Shrinking to Grow: Change Requires Abandonment

Brace yourself for a tough economy. Many years of uninterrupted business growth has made many organizations grow slack and become easygoing and downright neglectful of fundamental business principles.

There's been lots of talk about post recessionary planning and upturn thinking for a downturn economy. And that's good.

But, for the most part, many executives are for the first time confronted with a downward spiraling demand for their products and services. This means that they have to simultaneously manage the fundamentals and manage for tomorrow.

Without doubt, in a period of economic turbulence such as the one we are living in, change is the norm. It cannot be repeated too often: Abandonment precedes change.

Peter F. Drucker formulated this concept more than 40 years ago. But why, after 40 years of preaching abandonment, teaching abandonment, stressing the need to ask what to stop doing before deciding what to do, so few executives are willing to follow his advice, we cannot explain.

John Flaherty, in his book Shaping The Managerial Mind, provides a list of Drucker's organizational foes of abandonment:

  • The proclivity to do effectively what should not be done at all
  • The support of things that were not worth doing in the first place
  • The failure to recognize that there is nothing worse than doing the wrong thing well
  • The tendency to believe that everything will succeed (nobody wants to admit ill-advised projects are outright failures)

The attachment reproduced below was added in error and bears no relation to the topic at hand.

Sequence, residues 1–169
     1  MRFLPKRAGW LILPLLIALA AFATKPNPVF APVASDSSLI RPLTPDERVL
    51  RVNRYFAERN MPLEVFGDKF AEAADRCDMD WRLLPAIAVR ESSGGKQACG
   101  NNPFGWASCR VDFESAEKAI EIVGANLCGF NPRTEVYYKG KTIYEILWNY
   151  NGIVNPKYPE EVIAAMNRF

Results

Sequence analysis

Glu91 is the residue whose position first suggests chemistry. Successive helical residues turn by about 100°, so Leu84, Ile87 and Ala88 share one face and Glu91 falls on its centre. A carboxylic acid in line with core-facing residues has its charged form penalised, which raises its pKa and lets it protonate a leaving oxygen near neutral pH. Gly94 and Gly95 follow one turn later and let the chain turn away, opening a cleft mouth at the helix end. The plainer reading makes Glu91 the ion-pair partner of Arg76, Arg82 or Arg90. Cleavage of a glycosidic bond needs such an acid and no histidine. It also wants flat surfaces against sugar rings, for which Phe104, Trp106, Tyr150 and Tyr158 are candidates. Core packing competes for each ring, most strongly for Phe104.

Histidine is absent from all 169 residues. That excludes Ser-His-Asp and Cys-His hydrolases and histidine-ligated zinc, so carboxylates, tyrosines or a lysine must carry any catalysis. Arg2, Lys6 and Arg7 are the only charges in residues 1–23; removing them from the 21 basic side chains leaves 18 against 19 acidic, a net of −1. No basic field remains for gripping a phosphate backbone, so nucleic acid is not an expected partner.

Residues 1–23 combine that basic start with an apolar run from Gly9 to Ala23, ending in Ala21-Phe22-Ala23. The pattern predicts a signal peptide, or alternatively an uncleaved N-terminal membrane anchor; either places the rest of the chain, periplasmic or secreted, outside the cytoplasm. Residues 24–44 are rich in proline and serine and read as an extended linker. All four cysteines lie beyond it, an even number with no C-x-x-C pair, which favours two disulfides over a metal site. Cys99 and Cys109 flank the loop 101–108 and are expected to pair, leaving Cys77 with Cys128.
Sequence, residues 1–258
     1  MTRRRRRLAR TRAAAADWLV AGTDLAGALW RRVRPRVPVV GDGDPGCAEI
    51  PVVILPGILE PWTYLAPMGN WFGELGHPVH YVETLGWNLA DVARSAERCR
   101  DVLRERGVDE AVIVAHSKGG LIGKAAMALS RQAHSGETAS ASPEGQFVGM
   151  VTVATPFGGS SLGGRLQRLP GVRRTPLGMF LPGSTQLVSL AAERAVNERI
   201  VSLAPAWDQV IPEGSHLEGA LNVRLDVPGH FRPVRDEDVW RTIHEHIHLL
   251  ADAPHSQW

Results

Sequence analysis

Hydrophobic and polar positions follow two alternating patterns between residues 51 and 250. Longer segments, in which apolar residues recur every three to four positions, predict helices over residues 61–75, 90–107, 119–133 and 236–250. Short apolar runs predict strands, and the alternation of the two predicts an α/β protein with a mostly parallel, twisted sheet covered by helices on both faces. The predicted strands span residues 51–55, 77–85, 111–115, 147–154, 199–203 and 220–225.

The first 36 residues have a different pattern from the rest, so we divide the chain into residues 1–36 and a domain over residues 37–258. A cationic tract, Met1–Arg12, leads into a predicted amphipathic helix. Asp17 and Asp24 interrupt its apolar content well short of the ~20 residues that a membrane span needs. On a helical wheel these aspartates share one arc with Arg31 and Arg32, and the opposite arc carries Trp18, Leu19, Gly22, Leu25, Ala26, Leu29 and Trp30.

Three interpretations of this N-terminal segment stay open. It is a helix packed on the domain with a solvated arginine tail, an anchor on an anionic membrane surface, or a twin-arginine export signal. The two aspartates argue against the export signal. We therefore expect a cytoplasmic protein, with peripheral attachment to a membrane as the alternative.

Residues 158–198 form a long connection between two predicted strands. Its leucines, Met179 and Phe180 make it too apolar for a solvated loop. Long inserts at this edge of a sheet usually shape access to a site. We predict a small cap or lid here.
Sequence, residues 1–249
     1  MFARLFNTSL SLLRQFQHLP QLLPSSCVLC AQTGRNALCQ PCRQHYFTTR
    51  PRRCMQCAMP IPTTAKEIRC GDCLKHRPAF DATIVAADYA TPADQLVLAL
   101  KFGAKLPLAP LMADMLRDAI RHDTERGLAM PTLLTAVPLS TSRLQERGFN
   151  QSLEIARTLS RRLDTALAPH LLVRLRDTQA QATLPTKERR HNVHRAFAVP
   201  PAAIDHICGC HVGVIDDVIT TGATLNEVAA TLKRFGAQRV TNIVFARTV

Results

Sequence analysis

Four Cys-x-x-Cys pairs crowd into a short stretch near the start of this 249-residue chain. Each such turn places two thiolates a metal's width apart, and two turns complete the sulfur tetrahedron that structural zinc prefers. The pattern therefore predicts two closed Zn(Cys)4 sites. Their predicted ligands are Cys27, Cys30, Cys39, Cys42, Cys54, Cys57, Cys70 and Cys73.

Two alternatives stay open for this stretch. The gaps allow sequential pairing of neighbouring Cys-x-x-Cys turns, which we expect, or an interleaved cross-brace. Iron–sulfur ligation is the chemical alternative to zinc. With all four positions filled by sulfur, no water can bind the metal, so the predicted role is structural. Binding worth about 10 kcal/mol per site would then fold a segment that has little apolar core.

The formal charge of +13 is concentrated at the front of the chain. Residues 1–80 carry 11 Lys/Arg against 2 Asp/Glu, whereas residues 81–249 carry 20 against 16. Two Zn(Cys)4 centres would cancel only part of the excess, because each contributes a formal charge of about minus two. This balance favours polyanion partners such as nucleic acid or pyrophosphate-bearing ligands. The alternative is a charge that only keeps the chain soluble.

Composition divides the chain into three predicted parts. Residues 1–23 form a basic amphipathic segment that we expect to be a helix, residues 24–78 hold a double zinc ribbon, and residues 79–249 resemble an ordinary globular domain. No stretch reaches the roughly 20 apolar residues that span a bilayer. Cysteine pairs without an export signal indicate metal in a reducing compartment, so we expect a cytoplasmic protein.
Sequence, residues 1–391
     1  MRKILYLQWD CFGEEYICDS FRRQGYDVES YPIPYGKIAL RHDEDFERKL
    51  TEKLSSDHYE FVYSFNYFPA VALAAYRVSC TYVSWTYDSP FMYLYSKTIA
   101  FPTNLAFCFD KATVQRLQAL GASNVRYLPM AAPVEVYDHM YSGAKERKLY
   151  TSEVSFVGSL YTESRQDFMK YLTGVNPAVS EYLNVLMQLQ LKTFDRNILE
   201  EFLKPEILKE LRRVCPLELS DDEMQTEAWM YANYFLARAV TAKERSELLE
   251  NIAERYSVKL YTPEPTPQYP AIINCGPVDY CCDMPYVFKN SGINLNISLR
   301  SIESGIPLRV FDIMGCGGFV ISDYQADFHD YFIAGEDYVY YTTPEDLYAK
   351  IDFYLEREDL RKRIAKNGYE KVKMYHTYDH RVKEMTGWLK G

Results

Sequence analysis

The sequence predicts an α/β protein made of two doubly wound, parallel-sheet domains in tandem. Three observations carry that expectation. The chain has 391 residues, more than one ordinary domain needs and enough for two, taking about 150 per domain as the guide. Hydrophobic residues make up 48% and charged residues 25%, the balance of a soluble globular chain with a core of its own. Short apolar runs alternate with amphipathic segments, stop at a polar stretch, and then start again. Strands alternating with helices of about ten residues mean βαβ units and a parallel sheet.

• The propensity of functional specialists to take a one-dimensional view of the business and to protect activities related to their function

Doing unproductive things, Drucker argued, has its advocates. Financial people claim a given set of products absorbs overhead. The sales force claims that a full product line is needed. Engineers argue that quality will be sacrificed. Everyone has a reason for continuing what they’re already doing.

Abandonment bruises managerial egos. But abandonment precedes change.

Instead of recognizing the need for doing the new and different, "The various functions enter a common plea in the defense yesterday, hoping to postpone abandonment until another fruitless study is conducted."

Otherwise intelligent executives prove incapable of abandoning the unproductive and the obsolete, even when confronted with solid diagnoses of what's wrong and how to fix it. They only pretend to be interested in investing in change while finding excuses for continuing what shouldn't be done at all.